This Week's Liturgy
March 13th, 2016 (see other dates)
Fifth Sunday of Lent
Discussion Questions for Reading 1The prophet's strong hope comforts those who listen to him. How might you use the word of God to comfort someone who feels hopeless?
Sometimes we feel that there is never anything new in our lives, that we live in the same old rut, day after day. Yet the prophet says that God is always doing something new if we can truly SEE. Try this: Live today, or each day this week, in greater awareness. Make a list of every "new" gift of God you see, both small and great. Watch for things like: a child's smile, a sunset, the call of a bird, a conversation with a friend. Take turns sharing your lists next week. Read one gift aloud, taking turns, until all gifts have been named. Then say a prayer of thanks for the newness of everyday life.
What can you do in your own life or attitude to help make "something new" in your own family or school?
Reading 1 Isaiah 43:16-21
Reading 1 ReflectionTo stir up their hope about what God would do for them in the future, the Israelites often looked back to see what God had done for them in the past. The prophet helps them to do just that in today's reading. He recalls their exodus from Egypt and how God provided for them in the desert. Then he says, "Look ahead!" In other words, whatever great deeds God had done in the past, God can always do something new and greater.
Discussion Questions for Reading 2Running was a popular sport in Saint Paul's time, just as it is in ours. What does an athlete today have to give up in order to be good in a sport? Give some examples.
Saint Paul is saying that we are willing to give up many things just to win a prize. In his day, the prize was a "crown of victory" made of laurel leaves. Today, the prize is often a trophy or a medal. In professional sports, money is the prize.
Saint Paul's question is: What are you willing to give up in order to be a follower of Christ and to win the best prize of all--life with Christ Jesus, here and for always?
Reading 2 Philippians 3:8-14
Reading 2 ReflectionYou have probably noticed that Paul often talks about himself and his own faith experiences in order to convince others to follow Christ. Today he recalls that he has given up everything to make room for Christ in his life. He knows it isn't easy to do this. But in the end he will share in Christ's Resurrection. That is why Paul describes himself as a runner, pushing on toward the finish line.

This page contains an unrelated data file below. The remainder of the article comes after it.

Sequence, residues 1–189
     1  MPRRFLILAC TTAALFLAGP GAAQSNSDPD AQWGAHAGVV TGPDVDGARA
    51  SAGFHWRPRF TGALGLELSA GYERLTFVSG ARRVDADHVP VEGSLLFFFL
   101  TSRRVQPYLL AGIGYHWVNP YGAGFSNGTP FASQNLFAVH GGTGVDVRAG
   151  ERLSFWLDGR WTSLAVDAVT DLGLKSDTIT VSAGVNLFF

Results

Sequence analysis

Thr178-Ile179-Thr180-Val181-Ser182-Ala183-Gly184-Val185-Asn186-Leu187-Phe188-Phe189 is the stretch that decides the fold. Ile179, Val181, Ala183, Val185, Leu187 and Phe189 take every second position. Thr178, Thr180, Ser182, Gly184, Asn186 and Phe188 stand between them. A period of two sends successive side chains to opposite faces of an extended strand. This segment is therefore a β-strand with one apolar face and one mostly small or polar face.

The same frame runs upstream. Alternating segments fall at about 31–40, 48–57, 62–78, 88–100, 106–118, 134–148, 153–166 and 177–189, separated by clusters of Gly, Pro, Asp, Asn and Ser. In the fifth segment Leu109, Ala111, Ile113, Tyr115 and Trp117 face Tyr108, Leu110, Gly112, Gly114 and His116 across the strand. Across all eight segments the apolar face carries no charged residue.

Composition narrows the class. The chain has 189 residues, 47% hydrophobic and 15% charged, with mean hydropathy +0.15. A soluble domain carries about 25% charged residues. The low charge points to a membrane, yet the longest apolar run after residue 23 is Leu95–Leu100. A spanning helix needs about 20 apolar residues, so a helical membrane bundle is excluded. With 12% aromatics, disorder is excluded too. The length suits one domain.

Discussion Questions for GospelMatthew's gospel reflection does not say exactly what Jesus was writing in the sand. One tradition has it that he was writing down the sins of the people who were so willing to condemn the woman. Could Jesus have been writing something from Scripture? Could he have been writing a message to the crowd? What do you think he could have said?
Once there was a young teenager who was going through a very hard time. Let us call her Julie, even though it is not her real name. Julie was arrested for stealing from a local department store. Her parents realized that she needed help. The whole family began to work together with a counselor, and things began to get better. Julie's grades began to improve, and she made the honor roll at school. But someone who knew her began spreading the news, "Did you know that Julie was once arrested for shoplifting? What do you think Jesus would say to this person? If you were Julie's friend, what would you say to this person? What would you say to Julie?
When we say something about someone that puts them in the wrong and is untrue, we call it bearing false witness about someone. This is forbidden by the eighth commandment. When we spread the "bad news" about something wrong someone else has done, even though it is true, we commit the sin of scandal. (Sometimes newspapers and magazines that specialize in repeating gossip about the lives of celebrities are called scandal sheets.)